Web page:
Governor, others tout education bills during signing

By Bobby Harrison/NEMS Daily Journal

FLOWOOD – Gov. Phil Bryant and the Republican leadership of the Mississippi Legislature touted the educational accomplishments of the recently completed 2013 session during a bill signing celebration Wednesday at Northwest Rankin High School.
In November, Bryant held a similar event at Northwest Rankin where he said he wanted 2013 to be the education session. On Wednesday, Bryant signed several education bills into law that he said would change the course of the state’s public schools.
Bryant called the package of legislation “the most transformative education act in Mississippi history.” He said the “restructuring of the education system will help Mississippi move forward for many generations to come.”
Later, Bryant acknowledged the 1982 Education Reform Act that among other things created a statewide kindergarten program was important, but added that 30 years later, more significant action was being taken.
The legislation signed into law Wednesday will:
• Create a charter school system that will allow the schools to receive public funds without having to adhere to the governance and guidelines of traditional public schools. But the schools will sign a charter to meet certain benchmarks.
• Establish a third-grade reading gate that will require most students to be proficient in reading to advance past the third grade.
• Establish tougher standards for teachers and develop a scholarship program to attract top students to the teaching profession.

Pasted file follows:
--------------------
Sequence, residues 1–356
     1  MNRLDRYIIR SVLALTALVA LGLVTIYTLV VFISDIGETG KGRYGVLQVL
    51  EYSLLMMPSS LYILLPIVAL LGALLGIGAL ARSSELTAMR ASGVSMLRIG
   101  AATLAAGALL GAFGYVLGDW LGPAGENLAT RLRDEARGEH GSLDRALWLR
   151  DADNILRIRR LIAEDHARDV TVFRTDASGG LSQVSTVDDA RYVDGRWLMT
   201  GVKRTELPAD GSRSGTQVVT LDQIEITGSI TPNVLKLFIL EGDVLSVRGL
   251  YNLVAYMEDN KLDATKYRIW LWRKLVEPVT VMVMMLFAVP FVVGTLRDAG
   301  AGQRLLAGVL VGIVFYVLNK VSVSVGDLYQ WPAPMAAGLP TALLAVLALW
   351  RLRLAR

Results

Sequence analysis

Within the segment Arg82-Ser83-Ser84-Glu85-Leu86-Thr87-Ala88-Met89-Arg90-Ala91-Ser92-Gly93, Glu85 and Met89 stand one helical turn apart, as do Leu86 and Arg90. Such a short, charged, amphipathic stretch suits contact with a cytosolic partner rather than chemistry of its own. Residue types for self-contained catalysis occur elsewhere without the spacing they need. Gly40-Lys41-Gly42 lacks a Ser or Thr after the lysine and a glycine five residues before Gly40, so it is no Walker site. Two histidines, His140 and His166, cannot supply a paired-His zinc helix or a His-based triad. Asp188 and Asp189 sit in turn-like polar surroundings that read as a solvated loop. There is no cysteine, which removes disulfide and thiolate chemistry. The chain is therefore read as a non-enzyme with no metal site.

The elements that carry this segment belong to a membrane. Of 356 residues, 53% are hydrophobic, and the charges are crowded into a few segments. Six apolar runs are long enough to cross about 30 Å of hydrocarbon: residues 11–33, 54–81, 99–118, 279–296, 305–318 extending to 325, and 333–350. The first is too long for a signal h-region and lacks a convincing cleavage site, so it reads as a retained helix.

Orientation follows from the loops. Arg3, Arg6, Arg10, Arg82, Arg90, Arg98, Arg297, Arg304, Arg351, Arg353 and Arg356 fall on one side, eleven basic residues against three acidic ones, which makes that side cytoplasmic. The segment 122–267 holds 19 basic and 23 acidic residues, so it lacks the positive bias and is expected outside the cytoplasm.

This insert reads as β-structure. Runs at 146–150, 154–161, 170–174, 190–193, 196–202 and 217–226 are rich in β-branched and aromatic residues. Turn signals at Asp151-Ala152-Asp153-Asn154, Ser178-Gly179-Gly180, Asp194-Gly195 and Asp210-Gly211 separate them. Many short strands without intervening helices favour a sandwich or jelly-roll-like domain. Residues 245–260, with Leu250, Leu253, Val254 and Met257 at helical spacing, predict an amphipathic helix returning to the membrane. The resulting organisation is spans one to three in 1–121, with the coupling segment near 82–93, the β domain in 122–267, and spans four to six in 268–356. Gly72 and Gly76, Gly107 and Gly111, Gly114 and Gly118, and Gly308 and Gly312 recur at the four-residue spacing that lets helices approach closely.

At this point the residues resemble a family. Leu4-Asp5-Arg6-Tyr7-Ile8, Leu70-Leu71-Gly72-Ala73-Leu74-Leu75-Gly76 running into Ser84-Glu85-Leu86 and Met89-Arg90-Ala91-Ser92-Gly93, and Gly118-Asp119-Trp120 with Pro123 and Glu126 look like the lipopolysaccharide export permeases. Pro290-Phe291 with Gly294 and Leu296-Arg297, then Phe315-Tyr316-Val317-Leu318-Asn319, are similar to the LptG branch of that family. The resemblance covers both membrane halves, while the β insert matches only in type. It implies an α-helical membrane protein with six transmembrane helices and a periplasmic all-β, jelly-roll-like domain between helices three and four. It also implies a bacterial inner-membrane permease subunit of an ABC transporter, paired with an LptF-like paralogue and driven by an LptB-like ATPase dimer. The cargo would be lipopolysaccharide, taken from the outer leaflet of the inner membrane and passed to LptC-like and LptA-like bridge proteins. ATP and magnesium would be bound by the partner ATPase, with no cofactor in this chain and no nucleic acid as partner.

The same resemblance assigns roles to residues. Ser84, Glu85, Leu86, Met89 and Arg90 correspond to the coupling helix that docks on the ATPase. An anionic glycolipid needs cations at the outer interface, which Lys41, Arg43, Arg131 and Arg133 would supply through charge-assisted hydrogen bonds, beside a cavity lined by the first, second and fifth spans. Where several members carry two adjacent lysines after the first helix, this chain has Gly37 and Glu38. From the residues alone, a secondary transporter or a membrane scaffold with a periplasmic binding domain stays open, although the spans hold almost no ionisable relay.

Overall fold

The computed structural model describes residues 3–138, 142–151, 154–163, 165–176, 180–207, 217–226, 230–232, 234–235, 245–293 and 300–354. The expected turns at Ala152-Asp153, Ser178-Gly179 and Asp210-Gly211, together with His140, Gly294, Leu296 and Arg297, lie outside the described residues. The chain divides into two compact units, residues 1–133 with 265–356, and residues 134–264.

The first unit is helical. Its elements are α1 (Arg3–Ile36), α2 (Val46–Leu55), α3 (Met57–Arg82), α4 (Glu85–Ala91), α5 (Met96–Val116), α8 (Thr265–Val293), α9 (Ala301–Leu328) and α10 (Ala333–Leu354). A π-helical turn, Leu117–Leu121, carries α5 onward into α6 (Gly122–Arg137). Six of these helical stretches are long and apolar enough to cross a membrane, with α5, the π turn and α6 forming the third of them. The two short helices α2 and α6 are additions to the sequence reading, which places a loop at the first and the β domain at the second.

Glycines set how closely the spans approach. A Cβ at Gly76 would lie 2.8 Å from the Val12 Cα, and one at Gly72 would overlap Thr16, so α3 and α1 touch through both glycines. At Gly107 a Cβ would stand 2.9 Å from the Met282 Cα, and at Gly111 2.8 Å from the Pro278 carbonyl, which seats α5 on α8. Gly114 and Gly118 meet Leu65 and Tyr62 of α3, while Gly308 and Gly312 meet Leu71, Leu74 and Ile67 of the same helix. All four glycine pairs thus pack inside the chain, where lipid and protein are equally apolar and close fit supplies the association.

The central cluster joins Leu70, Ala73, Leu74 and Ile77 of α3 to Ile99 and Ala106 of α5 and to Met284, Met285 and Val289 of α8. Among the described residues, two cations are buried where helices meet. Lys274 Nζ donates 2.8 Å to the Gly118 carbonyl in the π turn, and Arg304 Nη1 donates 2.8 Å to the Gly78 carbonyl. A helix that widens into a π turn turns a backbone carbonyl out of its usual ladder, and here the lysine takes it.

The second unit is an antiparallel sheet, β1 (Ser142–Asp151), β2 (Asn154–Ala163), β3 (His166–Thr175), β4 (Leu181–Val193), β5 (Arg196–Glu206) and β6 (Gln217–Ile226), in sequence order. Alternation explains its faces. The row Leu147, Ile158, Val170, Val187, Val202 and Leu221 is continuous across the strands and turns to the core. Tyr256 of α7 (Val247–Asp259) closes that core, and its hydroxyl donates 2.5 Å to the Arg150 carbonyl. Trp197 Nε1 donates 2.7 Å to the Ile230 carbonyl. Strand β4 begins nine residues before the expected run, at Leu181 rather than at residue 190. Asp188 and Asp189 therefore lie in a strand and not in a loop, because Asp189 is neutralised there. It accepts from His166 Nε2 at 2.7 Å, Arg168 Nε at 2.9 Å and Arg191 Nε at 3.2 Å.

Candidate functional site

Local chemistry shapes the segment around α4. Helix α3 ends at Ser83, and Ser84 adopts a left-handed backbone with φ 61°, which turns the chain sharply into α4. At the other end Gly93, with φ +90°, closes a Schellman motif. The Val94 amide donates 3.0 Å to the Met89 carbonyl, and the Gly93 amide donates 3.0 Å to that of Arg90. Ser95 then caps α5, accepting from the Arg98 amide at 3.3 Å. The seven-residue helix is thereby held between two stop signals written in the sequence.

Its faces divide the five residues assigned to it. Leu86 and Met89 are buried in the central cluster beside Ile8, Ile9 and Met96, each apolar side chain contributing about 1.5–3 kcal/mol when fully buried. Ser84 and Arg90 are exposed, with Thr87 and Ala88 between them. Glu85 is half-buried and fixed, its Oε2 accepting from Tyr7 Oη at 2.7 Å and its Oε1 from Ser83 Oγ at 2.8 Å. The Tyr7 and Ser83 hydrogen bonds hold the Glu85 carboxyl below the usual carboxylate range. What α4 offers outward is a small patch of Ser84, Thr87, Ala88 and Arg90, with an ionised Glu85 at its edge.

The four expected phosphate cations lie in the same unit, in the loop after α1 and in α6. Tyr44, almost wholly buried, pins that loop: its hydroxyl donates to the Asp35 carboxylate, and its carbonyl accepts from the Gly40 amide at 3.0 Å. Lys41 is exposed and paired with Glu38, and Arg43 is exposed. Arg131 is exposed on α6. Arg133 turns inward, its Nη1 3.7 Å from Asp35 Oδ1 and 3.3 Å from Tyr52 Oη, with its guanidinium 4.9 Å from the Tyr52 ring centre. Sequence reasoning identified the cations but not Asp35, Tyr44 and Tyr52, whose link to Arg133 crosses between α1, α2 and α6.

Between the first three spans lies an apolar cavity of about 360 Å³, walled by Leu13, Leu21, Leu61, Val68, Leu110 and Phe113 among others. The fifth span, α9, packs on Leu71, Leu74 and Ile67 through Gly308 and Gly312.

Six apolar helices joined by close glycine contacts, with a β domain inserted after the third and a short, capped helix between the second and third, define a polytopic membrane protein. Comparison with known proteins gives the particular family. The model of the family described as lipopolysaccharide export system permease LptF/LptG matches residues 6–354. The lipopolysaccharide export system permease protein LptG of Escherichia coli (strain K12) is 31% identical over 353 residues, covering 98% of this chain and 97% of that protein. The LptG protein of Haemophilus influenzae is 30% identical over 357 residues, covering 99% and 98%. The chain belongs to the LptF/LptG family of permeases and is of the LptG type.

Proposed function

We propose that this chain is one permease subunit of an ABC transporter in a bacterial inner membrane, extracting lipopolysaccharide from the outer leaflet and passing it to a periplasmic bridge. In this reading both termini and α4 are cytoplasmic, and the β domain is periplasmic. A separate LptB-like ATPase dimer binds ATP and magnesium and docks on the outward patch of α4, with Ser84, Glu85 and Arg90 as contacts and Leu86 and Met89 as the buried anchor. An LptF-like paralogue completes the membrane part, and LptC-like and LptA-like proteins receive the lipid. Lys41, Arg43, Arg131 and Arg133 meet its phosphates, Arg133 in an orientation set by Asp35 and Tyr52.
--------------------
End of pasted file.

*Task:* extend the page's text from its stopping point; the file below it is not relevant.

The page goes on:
• Develop a pilot merit pay plan for teachers.
• Require schools that do not graduate 80 percent of their students to develop an action plan to improve their percentages.
Bryant told the crowded high school auditorium that on Tuesday he also signed into law a bill that would create a limited pre-kindergarten program. The Legislature also appropriated at least $6 million for the pre-K program.
But Bryant said the pre-K law must be analyzed for its effectiveness.
Former Netscape CEO Jim Barksdale, who in the early 2000s donated $100 million to work on improving reading in the early grades, was among the many education advocates who attended the bill signing. He said he believes the third-grade reading gate, which is using the system his Barksdale Reading Institute, has employed to work on improving reading levels, and the pre-K bills would have the most impact on the public schools.
He said more money was needed for those efforts, but said it was a start.
Lt. Gov. Tate Reeves told the crowd of legislators, education officials and Northwest Rankin students the goal is for every child, regardless of income or where the child grew up “to have the opportunity to succeed. I believe the bills signed today all help move us toward that goal.”
House Speaker Philip Gunn, R-Clinton, Sen. Gray Tollison, R-Oxford, Rep. John Moore R-Brandon, the two Education chairs, as well as Senate Education Vice Chair Nancy Collins, R-Tupelo, attended the ceremony.
All of the bills signed Wednesday were part of Bryant’s Education Works agenda, though many of the proposals had support from various other groups. Some key parts of his agenda regarding school choice were rejected during the 2013 session.

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